Kazakhstan is expected to sell some of its crude oil through Azerbaijan's largest oil pipeline from September as the country seeks alternatives to a route Russia has threatened to shut down. This was reported by Reuters , citing three sources familiar with the matter.
As you know, Kazakhstan now supplies most of its oil through the CPC pipeline, which goes to the Russian Black Sea port of Novorossiysk. From there, oil enters the world market. However, in July 2022, a Russian court threatened to suspend CPC, prompting the Kazakh government to consider alternative, more reliable supply routes.
Now, Reuters has learned that the Kazakh state company KazMunayGas (KMG) is negotiating with the Azerbaijani oil company SOCAR. KMG wants to sell 1.5 million tons of oil per year through the Azerbaijani pipeline, through which oil is delivered to the Turkish port of Ceyhan.
The contract is expected to be signed at the end of August, and deliveries via the Baku-Tbilisi-Ceyhan (BTC) pipeline will begin in a month.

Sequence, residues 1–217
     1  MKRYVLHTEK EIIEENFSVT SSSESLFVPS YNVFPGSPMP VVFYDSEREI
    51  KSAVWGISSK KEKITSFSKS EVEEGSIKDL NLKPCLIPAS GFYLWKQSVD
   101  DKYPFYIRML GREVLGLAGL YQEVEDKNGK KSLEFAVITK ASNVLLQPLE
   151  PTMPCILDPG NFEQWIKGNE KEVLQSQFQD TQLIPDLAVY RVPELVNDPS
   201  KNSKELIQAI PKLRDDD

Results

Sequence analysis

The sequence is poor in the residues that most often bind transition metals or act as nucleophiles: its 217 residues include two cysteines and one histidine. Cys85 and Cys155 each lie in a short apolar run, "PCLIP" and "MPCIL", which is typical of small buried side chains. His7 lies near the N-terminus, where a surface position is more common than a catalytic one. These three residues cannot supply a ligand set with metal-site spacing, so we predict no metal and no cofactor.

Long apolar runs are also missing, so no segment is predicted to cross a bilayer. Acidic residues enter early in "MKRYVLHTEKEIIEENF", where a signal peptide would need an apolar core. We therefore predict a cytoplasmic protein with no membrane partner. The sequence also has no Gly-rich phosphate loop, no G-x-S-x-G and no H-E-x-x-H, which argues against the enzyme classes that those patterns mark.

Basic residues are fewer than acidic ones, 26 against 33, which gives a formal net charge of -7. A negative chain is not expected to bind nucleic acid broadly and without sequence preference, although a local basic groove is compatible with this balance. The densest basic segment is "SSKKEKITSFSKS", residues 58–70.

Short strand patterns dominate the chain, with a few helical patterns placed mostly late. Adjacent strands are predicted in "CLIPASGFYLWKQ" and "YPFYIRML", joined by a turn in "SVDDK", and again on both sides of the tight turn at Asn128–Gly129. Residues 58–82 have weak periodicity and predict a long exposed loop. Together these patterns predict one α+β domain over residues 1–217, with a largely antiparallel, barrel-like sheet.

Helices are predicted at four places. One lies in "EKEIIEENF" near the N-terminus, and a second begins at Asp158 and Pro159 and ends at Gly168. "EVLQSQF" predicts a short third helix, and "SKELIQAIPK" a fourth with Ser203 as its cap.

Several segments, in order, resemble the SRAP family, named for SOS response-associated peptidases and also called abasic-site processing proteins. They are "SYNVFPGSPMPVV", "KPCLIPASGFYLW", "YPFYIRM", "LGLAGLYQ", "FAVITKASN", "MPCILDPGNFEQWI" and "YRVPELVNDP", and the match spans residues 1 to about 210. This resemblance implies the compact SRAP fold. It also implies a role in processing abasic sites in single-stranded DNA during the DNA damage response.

So far, there is no talk of the new route becoming a full-fledged replacement for the Russian pipeline. The volume of 30 thousand barrels per day, which is planned to be pumped through the Azerbaijani pipeline, is ten times less than 1.3-1.4 million barrels per day, which pass through the route of the Caspian Pipeline Consortium (CPC).
Another 3.5 million tons of oil per year may begin to be exported in 2023 through another Azerbaijani pipeline - to the Georgian Black Sea port of Supsa. After that, the total volume of supplies via both routes will amount to 8% of what is exported via the CPC pipeline.
Tengizchevroil, a joint venture between Chevron and KazMunayGas, is also negotiating new supply routes, sources told Reuters. In this case, the BTC pipeline is also considered as a possible option. Tengizchevroil already used an alternative route through the Georgian port of Batumi in April, when the CPC marine terminal was partially disabled due to a hurricane.
Kazakhstan daily supplies the world market with approximately 1.4 million barrels per day. This is approximately 1% of world supplies. The simultaneous withdrawal of such a quantity of oil from the market can lead to a jump in prices for this energy carrier. Observers admit that Russia may use the CPC pipeline to increase pressure on the West.